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87.BLMIS did not receive fair consideration for the Six Year Transfers. 88.At the time BLMIS made each of the Six Year Transfers, BLMIS was engaged or was about to engage in a business or transaction for which the property remaining in its hands after each of the Six Year Transfers was an unreasonably small capital. 89.As a result of the foregoing, pursuant to sections 274, 278 and/or 279 of the New York Debtor and Creditor Law and sections 544(b) and 550(a) of the Bankruptcy Code and SIPA § 78fff-2(c)(3), the Trustee is entitled to a judgment: (a) avoiding and preserving the Six Year Transfers, (b) directing that the Six Year Transfers be set aside, and (c) recovering the Six Year Transfers , or the value thereof, from the Defendants for the benefit of the estate of BLMIS. COUNT EIGHT FRAUDULENT TRANSFERS – NEW YORK DEBTOR AND CREDITOR LAW §§ 275, 278 AND/OR 279, AND 11 U.S.C. §§ 544, 550(A) AND 551 90.The Trustee incorporates by reference the allegations contained in the previous paragraphs of the Complaint as if fully rewritten herein. 91.At all relevant times there was and is at least one or more creditors who held and hold matured or unmatured unsecured claims against BLMIS that were and are allowable under section 502 of the Bankruptcy Code or that were and are not allowable only under section 502(e). 92.BLMIS did not receive fair consideration for the Six Year Transfers. 93.At the time BLMIS made each of the Six Year Transfers, BLMIS had incurred, was intending to incur, or believed that it would incur debts beyond its ability to pay them as the debts matured.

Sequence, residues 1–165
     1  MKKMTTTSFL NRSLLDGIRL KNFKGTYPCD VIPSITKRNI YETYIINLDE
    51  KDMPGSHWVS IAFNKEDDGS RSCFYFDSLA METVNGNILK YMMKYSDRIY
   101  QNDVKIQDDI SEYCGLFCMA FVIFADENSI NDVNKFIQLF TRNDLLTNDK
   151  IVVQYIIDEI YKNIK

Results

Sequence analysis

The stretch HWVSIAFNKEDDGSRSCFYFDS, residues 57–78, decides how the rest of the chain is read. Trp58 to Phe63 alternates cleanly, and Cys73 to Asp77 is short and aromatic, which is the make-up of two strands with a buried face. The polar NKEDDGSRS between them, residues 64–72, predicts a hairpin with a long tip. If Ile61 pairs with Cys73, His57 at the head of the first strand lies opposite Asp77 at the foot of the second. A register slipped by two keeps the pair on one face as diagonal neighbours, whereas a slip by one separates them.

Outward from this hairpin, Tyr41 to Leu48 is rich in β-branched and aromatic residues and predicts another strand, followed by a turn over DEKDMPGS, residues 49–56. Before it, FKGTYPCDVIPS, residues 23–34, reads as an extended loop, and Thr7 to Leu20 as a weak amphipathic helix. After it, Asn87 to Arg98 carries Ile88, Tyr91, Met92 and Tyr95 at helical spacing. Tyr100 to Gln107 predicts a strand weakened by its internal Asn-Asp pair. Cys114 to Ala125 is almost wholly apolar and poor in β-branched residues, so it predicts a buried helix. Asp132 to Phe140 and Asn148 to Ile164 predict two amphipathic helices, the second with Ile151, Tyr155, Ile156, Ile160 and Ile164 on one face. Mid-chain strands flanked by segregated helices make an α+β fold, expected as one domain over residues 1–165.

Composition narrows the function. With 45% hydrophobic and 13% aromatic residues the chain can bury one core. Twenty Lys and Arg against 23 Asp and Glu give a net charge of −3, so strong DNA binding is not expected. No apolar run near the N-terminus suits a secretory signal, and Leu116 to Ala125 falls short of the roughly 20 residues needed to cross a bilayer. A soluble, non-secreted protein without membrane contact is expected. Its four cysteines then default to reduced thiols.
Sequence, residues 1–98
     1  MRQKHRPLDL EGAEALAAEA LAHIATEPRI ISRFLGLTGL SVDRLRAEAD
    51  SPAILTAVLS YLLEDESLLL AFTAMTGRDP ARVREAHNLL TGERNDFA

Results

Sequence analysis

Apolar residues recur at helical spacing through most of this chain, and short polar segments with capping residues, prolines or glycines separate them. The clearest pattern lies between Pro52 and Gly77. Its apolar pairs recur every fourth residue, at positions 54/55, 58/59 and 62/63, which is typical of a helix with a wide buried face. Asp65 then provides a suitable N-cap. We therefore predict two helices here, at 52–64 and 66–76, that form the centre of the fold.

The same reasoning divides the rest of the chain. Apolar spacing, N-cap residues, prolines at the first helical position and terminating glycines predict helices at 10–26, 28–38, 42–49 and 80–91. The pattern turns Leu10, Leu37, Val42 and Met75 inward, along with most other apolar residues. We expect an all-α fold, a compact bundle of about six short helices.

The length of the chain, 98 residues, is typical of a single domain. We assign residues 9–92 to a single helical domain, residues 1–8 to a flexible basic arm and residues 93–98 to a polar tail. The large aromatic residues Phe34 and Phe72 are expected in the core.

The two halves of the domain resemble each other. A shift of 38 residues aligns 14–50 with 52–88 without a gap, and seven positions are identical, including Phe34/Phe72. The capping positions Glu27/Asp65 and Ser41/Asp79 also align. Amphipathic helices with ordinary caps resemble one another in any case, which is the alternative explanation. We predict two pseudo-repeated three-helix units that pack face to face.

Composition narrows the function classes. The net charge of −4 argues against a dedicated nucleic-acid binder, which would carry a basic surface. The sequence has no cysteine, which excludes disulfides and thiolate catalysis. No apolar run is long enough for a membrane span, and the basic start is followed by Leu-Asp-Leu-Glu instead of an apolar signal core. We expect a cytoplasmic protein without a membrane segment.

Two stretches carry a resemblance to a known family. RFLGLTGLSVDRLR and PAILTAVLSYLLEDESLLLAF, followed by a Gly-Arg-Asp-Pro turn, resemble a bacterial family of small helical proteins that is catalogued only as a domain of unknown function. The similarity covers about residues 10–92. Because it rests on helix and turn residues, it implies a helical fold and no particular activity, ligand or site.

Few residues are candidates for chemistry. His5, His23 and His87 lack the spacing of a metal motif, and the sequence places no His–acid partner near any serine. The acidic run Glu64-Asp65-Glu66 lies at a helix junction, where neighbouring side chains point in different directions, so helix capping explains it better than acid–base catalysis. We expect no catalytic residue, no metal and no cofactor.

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94.As a result of the foregoing, pursuant to sections 275, 278 and/or 279 of the New York Debtor and Creditor Law and sections 544(b), 550(a), and 551 of the Bankruptcy Code and SIPA § 78fff-2(c)(3), the Trustee is entitled to a judgment: (a) avoiding and preserving the Six Year Transfers, (b) directing that the Six Year Transfers be set aside, and (c) recovering the Six Year Transfers, or the value thereof, from the Defendants for the benefit of the estate of BLMIS. COUNT NINE UNDISCOVERED FRAUDULENT TRANSFERS – NEW YORK CIVIL PROCEDURE LAW AND RULES 203(g), NEW YORK DEBTOR AND CREDITOR LAW §§ 276, 276-a, 278 AND/OR 279, AND 11 U.S.C. §§ 544, 550(a), AND 551 95.The Trustee incorporates by reference the allegations contained in the previous paragraphs of this Complaint as if fully rewritten herein. 96.At all times relevant to Transfers, the fraudulent scheme perpetrated by BLMIS was not reasonably discoverable by at least one unsecured creditor of BLMIS. 97.At all times relevant to the Transfers, there have been one or more creditors who have held and still hold matured or unmatured unsecured claims against BLMIS that were and are allowable under section 502 of the Bankruptcy Code or that were and are not allowable only under section 502(e). 98.The Transfers were made by BLMIS with the actual intent to hinder, delay, or defraud the creditors of BLMIS. BLMIS made the Transfers to or for the benefit of the Defendants in furtherance of a fraudulent investment scheme. 99.As a result of the foregoing, pursuant to NY CPLR 203(g), sections 276, 276-a, 278 and/or 279 of the New York Debtor and Creditor Law, sections 544(b), 550(a), and 551 of the